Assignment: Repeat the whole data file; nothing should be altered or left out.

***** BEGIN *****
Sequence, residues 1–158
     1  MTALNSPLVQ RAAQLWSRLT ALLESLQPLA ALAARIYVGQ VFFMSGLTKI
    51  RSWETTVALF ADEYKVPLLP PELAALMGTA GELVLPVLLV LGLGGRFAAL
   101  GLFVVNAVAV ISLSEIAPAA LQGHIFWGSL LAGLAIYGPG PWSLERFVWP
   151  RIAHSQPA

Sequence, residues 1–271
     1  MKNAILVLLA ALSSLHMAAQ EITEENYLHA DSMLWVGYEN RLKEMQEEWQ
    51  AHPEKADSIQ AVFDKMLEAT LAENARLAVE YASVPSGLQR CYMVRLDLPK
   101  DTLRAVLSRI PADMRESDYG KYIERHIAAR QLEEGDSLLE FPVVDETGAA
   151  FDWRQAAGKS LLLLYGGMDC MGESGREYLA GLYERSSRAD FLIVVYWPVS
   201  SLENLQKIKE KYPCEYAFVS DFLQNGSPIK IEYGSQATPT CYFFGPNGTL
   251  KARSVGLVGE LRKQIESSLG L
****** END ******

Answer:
Sequence, residues 1–158
     1  MTALNSPLVQ RAAQLWSRLT ALLESLQPLA ALAARIYVGQ VFFMSGLTKI
    51  RSWETTVALF ADEYKVPLLP PELAALMGTA GELVLPVLLV LGLGGRFAAL
   101  GLFVVNAVAV ISLSEIAPAA LQGHIFWGSL LAGLAIYGPG PWSLERFVWP
   151  RIAHSQPA

Sequence, residues 1–271
     1  MKNAILVLLA ALSSLHMAAQ EITEENYLHA DSMLWVGYEN RLKEMQEEWQ
    51  AHPEKADSIQ AVFDKMLEAT LAENARLAVE YASVPSGLQR CYMVRLDLPK
   101  DTLRAVLSRI PADMRESDYG KYIERHIAAR QLEEGDSLLE FPVVDETGAA
   151  FDWRQAAGKS LLLLYGGMDC MGESGREYLA GLYERSSRAD FLIVVYWPVS
   201  SLENLQKIKE KYPCEYAFVS DFLQNGSPIK IEYGSQATPT CYFFGPNGTL
   251  KARSVGLVGE LRKQIESSLG L